There’s not much to say, really. The Washington Capitals got their asses kicked thoroughly by the Ottawa Senators.
Erik Karlsson went five-hole on Tomas Vokou to make it 1-0, and Milan Michalek beat Dennis Wideman to make it 2-0. Number three was Michalek again, who tipped a power play shot to make it 3-0. On another power play, Chris Phillips made it 4-0.
The Caps got serious in the third. John Carlson broke the shutout, and Matty Perreault deflected in a goal off his pretty French Canadian face. But Nick Foligno secured the empty netter. Sens beat Caps 5-2.
Perfunctory game notes.
- Team captain Alex Ovechkin missed the game due to a lower-body injury sustained on Monday.
- Elderly defender Roman Hamrlik was scratched. Rumors of a possible trade proliferated, and I’m sure Dale Hunter’s saying he had been giving up “too many scoring chances” only stoked those flames.
- Tomas Vokoun was dramatically off his game, giving up 4 goals on 10 shots.
- When he relieved Vokoun for the second consecutive game, Michal Neuvirth had to stop two shorthanded breakaways in a row. He was perfect until the final buzzer.
- Mike Green recorded 8 shots on goal. He deserved better than his team tonight. Jason Chimera had 6 and looked very sharp after the first period, especially when setting up a trick shot off Perreault’s face.
- Troy Brouwer, who as alternate captain is allowed to talk back to refs, got whistled for unsportsmanlike conduct.
- Brooks Laich got in a fight. No seriously, Brooks Laich got in a fight. He went PUNCH PUNCH PUNCH FALL DOWN BEFORE YOU CAN FIGHT BACK OKAY FIGHT OVER. BL21 was superb tonight, allowing only one even-strength shot against his net while on the ice. He always cares.
- The Caps went scoreless for more than 130 minutes before John Carlson struck on the power play.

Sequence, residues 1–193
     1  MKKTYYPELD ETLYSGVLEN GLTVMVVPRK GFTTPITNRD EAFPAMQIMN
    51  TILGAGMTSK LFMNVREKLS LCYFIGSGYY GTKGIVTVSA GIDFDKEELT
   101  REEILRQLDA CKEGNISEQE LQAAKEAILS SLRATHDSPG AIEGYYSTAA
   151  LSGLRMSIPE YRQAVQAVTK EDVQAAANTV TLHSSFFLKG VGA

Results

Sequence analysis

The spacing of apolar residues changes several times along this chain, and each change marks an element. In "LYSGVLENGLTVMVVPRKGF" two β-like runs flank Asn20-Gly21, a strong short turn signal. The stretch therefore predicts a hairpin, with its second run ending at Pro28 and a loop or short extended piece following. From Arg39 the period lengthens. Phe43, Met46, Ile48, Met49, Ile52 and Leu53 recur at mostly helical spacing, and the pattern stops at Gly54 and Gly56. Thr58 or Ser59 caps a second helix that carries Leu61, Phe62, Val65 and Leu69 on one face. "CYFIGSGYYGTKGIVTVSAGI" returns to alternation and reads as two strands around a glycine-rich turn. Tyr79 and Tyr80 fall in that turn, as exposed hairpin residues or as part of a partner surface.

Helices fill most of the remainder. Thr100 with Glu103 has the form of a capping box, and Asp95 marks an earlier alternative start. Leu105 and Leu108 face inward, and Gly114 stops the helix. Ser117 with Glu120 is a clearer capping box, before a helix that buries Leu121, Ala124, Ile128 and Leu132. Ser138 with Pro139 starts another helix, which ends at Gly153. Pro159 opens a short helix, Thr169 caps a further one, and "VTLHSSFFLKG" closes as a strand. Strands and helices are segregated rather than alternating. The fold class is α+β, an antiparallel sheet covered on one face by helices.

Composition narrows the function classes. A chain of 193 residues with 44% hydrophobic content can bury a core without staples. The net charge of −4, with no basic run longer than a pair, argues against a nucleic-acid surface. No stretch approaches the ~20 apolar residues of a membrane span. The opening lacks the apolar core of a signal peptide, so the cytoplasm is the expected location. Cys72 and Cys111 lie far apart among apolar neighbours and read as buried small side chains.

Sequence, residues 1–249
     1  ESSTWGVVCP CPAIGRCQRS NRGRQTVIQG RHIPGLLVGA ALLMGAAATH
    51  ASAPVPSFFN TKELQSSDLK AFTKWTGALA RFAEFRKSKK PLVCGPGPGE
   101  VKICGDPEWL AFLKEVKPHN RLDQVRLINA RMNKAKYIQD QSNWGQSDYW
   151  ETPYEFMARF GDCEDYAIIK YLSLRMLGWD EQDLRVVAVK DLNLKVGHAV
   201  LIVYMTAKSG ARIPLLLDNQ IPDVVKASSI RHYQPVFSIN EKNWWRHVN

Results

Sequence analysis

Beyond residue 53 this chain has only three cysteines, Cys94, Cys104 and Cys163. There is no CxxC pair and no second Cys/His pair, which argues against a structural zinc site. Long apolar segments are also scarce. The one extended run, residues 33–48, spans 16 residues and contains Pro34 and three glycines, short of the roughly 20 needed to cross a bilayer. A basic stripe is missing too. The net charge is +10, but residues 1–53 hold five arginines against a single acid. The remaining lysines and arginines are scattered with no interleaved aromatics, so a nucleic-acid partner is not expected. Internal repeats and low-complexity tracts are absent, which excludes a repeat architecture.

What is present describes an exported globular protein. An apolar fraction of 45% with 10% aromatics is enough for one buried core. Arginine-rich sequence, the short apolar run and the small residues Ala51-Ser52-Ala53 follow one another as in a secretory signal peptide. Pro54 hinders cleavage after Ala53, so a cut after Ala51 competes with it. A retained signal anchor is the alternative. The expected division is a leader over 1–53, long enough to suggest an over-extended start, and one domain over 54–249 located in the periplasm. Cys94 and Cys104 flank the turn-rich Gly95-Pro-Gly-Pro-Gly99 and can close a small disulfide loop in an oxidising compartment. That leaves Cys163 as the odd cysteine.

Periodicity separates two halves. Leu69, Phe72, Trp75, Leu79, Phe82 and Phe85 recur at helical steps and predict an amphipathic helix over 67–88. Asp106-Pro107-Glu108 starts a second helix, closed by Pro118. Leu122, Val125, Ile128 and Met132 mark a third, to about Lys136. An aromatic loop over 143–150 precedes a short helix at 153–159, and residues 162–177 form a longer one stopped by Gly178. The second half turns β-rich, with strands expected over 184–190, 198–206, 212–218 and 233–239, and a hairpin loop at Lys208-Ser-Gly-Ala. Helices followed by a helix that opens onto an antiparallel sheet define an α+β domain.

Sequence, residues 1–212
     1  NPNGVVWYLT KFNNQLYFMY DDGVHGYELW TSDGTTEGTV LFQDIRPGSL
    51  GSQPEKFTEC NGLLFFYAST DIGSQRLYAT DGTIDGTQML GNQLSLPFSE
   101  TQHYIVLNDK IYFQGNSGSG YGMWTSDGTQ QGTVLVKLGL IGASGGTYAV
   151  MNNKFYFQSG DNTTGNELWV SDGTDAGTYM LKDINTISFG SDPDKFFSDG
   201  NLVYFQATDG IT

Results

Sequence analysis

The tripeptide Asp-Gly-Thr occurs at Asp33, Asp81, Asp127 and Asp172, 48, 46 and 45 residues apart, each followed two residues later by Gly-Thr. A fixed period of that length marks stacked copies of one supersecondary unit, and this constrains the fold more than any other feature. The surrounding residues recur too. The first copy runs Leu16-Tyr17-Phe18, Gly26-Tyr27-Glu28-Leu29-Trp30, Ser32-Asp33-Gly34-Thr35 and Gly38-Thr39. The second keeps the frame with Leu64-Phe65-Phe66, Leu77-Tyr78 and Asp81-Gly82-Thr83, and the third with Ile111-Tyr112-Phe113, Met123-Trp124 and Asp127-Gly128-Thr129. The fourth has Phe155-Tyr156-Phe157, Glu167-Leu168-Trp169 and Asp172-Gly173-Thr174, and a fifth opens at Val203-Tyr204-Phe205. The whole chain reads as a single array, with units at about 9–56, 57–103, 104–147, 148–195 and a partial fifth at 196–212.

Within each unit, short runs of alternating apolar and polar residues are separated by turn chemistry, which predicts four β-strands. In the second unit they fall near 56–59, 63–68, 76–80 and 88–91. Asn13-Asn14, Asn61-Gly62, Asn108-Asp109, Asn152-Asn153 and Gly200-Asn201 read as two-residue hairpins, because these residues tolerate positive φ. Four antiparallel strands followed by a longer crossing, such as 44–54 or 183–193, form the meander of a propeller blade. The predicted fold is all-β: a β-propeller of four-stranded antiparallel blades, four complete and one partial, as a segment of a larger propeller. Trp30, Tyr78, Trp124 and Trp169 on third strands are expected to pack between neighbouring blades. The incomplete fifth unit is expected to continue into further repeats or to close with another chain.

You know stuff is dire when your team has to score by banking shots off each other’s faces.
This is what happens when a team depends on its goalies completely. All goalies falter eventually, but only bad teams are crippled by it. The Capitals are a bad team. Maybe the worst. Ugh, that sucks to type.
It didn’t have to be like this. This team won 7 games in a row to start the season. They definitively defeated the Detroit Red Wings, who are now the best team in the league.
But after a few too many slip-ups, the front office, who might have been wound a bit too tight by expectation, jettisoned the coach. Since then, any sign of progress has been a mirage– a temporary but seductive vision that served only to delay this inevitable realization:
This team is broken.
We knew that on Monday, but the team made no changes. Despite the score, this one was almost worse, perhaps because of the accumulation of misery. This team keeps piling it on, but stubbornly refuses to acknowledge and address obvious problems.
- The Capitals defense can’t play Johnson’s man-to-man defense. The Capitals cannot (and never could) afford to wait for them to learn.
- The Capitals forwards thrive on creativity, but are stifled by Hunter’s conservative approach, which is designed to limit odd-man rushes against but has failed utterly to do so.
- The Capitals overleveraged Nick Backstrom and Tomas Vokoun, and they could not withstand an injury to the former and a less-than-perfect performance by the latter.
But look at these guys. These players are fantastic. You’ve seen them play like heroes before. Individually, they’re great. They’re all just suffering under the same endemic problem, some pervasive gloom in the organization.
Believe it or not: that’s a good thing. As bad as it looks, this team is never far from greatness. It’ll happen.
Someone asked me yesterday if it’s time to give up on the Caps. My answer?
Now here are some animal videos.
Brooks Laich fight joke stolen from Ian Oland.